That is not to say you can't be a great practitioner - but they're two totally different things.

I disagree. If you want to learn "the depths of finance" you get a PhD. The finance you learn at any masters program will be much more in depth than at the undergrad level, but not encompass everything.

The idea of a masters, any masters, is to provide a deeper look into a subject. It is a bridge between undergrad and a PhD. MSF's tend to focus on corporate finance whereas MFE/MFIN programs tend to be more math focused/computer programming.

I think I meant exactly what you're saying. To get really in to finance and 'contribute to' the research you definitely need a PhD, but to understand modern financial theories and latest models, something like a MFE from a top school would more than suffice. The MFE quants are the folks who implement complex models, the PhDs are the people who research and contribute to these models. For eg, quant research is almost exclusively PhDs, but quant/exotic trading can be MFEs easily.

In reply to Tupac
1/13/13

Tupac:
Ichan:
Tupac:
Is an MSF useful for those trying to go into trading?

Is an MSF useful for those actually wanting to get an extremely in-depth finance education, or is this just a "second-chance" for the kids that fucked up? It sounds like, from this thread, that it's all the kids with excuses (no offense - just mean that everybody has some reason why they weren't normal, some good, some bad - where are the top finance students?) and I am genuinely interested in learning a lot more about finance. I don't need to justify or explain or need a second chance with anything at all, is an MSF still for me?

No offense- If you are genuinely interested in finance, why would you want to waster your money and 1yr of your life? Why don't you study on your own (eg:CFA)? I am just curious to know your answer.

I don't, honestly. I read the "myths about MSF" thread but then I come hear and (even though its subtle) it just seems to disprove that thread. MSF is going to go from being somewhat obscure to being a well-known joke if it simply becomes a second chance for people. At least an MBA is rebranding rather than "I fucked up the first time." At least. But where are the kids who killed it in undergrad that decide to get an MSF? It seems like they're not there, and that an MSF doesn't add value for those kids, and until it does, the people who make hiring decisions won't see it as value added and won't respect it.

Yeah I really fucked up bad w/ a triple-major 3.74, military service, and PE / CF internships... need that second go around to really lock it up. You're being fucking annoying in this thread man and have posted nothing helpful, GFTO. What are you an undergrad that feels overshadowed by MSF kids recruiting alongside you?

'Before you enter... be willing to pay the price'

In reply to Tupac
1/13/13

Edit: Double-Post

'Before you enter... be willing to pay the price'

In reply to BepBep12
1/13/13

BepBep12:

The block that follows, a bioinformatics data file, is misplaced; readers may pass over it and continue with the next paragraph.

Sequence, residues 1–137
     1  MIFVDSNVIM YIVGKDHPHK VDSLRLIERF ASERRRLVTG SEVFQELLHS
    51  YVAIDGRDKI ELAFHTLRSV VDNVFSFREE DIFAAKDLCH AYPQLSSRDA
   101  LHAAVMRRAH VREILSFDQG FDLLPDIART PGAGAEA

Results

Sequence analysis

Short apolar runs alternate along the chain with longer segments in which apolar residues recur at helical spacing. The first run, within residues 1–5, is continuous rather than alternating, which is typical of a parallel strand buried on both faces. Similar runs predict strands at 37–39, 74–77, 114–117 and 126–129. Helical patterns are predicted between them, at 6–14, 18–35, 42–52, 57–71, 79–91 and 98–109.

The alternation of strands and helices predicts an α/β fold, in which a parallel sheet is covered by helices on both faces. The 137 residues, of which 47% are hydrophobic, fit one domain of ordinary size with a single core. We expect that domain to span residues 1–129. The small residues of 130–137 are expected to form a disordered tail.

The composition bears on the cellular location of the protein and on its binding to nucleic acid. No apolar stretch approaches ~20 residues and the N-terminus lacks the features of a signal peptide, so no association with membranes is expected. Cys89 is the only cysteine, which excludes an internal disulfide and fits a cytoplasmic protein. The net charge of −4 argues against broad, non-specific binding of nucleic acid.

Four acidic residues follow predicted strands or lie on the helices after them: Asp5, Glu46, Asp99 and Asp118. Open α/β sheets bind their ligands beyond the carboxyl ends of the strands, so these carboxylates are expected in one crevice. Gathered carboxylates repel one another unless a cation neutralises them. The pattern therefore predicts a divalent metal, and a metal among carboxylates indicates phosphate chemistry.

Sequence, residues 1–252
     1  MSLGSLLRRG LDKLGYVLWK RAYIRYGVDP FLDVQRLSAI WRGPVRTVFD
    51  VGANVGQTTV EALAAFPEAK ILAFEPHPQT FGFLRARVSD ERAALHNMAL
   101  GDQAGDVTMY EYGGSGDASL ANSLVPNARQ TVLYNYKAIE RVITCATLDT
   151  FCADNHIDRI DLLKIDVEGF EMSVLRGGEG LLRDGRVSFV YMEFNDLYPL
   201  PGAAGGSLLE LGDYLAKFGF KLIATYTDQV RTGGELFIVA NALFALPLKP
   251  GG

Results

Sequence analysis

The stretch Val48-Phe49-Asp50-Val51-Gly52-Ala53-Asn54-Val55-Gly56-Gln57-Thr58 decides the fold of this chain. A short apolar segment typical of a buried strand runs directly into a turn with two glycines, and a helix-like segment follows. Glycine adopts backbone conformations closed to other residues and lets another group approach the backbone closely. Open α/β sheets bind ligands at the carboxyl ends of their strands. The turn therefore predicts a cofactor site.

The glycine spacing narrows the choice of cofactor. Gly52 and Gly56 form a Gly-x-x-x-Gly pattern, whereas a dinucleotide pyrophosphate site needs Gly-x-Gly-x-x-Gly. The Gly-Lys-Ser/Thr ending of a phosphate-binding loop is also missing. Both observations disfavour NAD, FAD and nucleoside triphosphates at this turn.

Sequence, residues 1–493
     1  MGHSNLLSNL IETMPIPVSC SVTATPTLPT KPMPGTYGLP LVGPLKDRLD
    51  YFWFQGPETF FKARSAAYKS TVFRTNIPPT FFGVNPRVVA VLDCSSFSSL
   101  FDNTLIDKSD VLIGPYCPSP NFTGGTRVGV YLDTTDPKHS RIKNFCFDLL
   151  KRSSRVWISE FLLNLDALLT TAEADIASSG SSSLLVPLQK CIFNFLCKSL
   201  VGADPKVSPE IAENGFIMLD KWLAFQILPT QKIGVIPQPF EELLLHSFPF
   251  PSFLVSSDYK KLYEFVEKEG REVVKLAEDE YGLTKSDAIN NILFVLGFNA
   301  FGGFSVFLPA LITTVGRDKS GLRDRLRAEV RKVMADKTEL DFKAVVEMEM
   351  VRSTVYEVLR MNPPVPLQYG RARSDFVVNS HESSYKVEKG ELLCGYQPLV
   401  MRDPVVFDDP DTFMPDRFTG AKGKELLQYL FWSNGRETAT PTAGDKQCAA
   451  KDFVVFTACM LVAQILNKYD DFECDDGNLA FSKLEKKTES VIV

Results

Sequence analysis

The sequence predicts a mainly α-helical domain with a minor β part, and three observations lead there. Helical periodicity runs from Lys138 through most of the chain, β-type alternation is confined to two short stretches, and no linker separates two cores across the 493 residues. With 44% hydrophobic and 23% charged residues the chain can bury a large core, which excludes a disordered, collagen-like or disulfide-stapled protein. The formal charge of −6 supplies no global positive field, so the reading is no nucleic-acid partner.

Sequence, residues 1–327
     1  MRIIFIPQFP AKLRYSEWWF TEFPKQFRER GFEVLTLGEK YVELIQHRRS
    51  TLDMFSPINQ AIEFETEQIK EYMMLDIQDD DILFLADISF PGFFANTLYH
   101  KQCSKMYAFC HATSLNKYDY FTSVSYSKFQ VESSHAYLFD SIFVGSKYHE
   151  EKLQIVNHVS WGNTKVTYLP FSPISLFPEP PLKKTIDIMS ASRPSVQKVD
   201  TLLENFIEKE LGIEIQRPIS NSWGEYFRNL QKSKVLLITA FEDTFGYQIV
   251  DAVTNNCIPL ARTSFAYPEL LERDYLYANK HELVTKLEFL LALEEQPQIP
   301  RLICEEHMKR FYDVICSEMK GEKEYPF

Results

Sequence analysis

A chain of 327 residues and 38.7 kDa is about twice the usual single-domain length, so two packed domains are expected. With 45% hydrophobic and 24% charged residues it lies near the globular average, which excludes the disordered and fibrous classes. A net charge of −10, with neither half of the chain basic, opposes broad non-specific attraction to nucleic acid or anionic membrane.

Yeah I really fucked up bad w/ a triple-major 3.74, military service, and PE / CF internships... need that second go around to really lock it up. You're being fucking annoying in this thread man and have posted nothing helpful, GFTO. What are you an undergrad that feels overshadowed by MSF kids recruiting alongside you?

Thanks for all the help ANT/TNA that makes more sense. You answered my questions.

I disagree - if top students are using online resources to consider an MSF, they're going to see that it's popular as a "second go-around," which would probably deter many of them, such as myself. Sorry you don't fit that bill - you aren't the only person in this thread. Thanks for making a personal attack though.

I don't feel overshadowed by you in the least, quite the opposite actually.

In reply to BepBep12
1/13/13

BepBep12:

Yeah I really fucked up bad w/ a triple-major 3.74, military service, and PE / CF internships... need that second go around to really lock it up. You're being fucking annoying in this thread man and have posted nothing helpful, GFTO. What are you an undergrad that feels overshadowed by MSF kids recruiting alongside you?

This makes me feel like a lazy SOB... I was a triple-major sub 3.0, two sport athlete, president of my fraternity, and have about a year and a half of analyst experience (Pub Fin)

ANT,

What are the acceptance rates like for MSF programs? How big is the pool of people applying? I am only really concerned with Nova, Texas, and Vandy. Others may want to see WashU, MIT, Florida, etc.

In reply to Tupac
1/13/13

Tupac:
BepBep12:
Yeah I really fucked up bad w/ a triple-major 3.74, military service, and PE / CF internships... need that second go around to really lock it up. You're being fucking annoying in this thread man and have posted nothing helpful, GFTO. What are you an undergrad that feels overshadowed by MSF kids recruiting alongside you?

Thanks for all the help ANT/TNA that makes more sense. You answered my questions.

I disagree - if top students are using online resources to consider an MSF, they're going to see that it's popular as a "second go-around," which would probably deter many of them, such as myself. Sorry you don't fit that bill - you aren't the only person in this thread. Thanks for making a personal attack though.

I don't feel overshadowed by you in the least, quite the opposite actually.

If you're not going to add value to the conversation, go play some more Call of Duty. If you feel you're better than anyone here, then send us the Bloomberg Businessweek issue with your face on the cover. Seriously kid, if you're not going to post anything helpful/insightful then GTFO.